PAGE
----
then went on in a decisive tone. "Linda's your own child, Abby."

She looked at him, puzzled. "Of course. The courts--"

Dr. Gower shook his head impatiently. "I don't mean that. I mean Linda
was actually born to you."

The words sank in, but Abby found them meaningless. Two and two did not
make five no matter how many times you added them. There was a tense
silence, but she didn't know what to say to fill it.

"That's what happened in your blank spot, Abby," Dr. Gower went on.
"You ran away from home when you were twenty-one, because your mother
was too strict, because she acted just like you're acting with Linda.
Before she could find you again, someone else had. You were pregnant."

Abby's brow furrowed. "You mean--" the thought completed itself, and
a look of horror replaced the frown. "That's a horrible thing to say,
even in a lie."

"I wish I were lying," Dr. Gower said earnestly. "You didn't remember
anything that had happened, and were still dazed for nearly a year
afterward. Your subconscious used amnesia as an escape mechanism, and
you forgot the incident, repressed it without realizing it. An escape
is sometimes possible only in the mind, where Somaticists are often
helpless. I didn't say anything before, but now I'm afraid Linda may be
made to suffer if I don't."

Abby stared at him in shocked silence. She said, after awhile. "It's
not true, it can't be."

Dr. Gower shrugged. "I'm sorry, Abby, it is. It's not Linda you're
worried about, it's yourself; you're afraid to face reality."

"Get out," Abby said slowly, hating him for that. Her voice rose the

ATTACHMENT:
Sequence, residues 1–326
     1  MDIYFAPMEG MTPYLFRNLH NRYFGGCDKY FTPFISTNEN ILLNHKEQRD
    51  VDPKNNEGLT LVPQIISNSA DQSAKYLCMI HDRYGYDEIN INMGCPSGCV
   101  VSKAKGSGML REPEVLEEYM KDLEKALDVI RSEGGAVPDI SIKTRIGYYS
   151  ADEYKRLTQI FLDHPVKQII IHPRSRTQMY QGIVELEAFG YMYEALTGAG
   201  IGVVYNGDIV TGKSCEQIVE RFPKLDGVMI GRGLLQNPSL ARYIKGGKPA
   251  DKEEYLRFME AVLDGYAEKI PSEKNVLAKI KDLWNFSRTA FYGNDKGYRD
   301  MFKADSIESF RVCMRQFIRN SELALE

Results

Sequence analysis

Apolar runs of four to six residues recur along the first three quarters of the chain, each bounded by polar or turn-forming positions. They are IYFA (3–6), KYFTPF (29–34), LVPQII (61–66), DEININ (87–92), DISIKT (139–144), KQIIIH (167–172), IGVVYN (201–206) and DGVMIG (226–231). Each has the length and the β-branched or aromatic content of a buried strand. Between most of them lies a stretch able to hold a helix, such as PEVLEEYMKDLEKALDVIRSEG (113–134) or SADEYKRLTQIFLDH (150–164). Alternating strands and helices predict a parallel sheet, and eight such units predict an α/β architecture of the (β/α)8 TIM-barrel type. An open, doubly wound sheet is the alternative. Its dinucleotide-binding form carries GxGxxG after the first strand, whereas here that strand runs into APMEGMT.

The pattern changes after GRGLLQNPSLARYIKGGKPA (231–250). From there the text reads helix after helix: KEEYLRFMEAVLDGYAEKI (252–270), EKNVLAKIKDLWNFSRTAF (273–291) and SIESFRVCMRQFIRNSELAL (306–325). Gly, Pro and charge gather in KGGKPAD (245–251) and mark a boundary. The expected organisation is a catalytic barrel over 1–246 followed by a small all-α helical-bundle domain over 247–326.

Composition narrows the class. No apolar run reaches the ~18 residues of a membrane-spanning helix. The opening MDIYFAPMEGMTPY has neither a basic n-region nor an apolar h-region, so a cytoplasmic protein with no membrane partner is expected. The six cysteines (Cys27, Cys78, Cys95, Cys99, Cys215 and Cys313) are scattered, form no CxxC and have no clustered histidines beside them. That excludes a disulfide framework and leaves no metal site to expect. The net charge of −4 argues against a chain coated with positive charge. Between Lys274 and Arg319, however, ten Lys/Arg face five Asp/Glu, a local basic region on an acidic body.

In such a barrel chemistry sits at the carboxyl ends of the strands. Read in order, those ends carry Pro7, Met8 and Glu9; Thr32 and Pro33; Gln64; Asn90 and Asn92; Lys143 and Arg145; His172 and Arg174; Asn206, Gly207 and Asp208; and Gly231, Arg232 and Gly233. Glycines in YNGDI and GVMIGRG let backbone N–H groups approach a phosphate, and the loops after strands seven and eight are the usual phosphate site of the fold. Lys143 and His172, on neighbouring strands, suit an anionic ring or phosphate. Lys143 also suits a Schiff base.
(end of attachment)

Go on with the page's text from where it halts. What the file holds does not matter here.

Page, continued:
least bit. "I won't listen to these lies."

"I thought it might help. Say goodbye to Linda for me." The door closed
behind him with a click.

Abby stared at the closed door, a small portion of her was calm, the
rest chaotic. The calm portion wondered why she should be so disturbed
by something so obviously impossible. All these years she'd been wrong
about Dr. Gower, trusting him as a friend. For what he said was untrue,
of course. It had to be. And yet why couldn't she remember things? It
was only eighteen years ago and important things had happened in that
year, but somehow her memory bypassed their happening. It was like
reading a book with several pages blank; you knew from later pages
what had happened, but the actual experience of the events was lost.
Could it be--the thought came despite her--could it be that she'd had
amnesia, that Dr. Gower had really told her the truth, that someone had
actually--

"No. He was lying," she told the room.

"He never lied before," Linda said quietly from the doorway.

"You--heard?"

Linda nodded.

Abby tried to smile. "I'm afraid, dear, that Dr. Gower is like all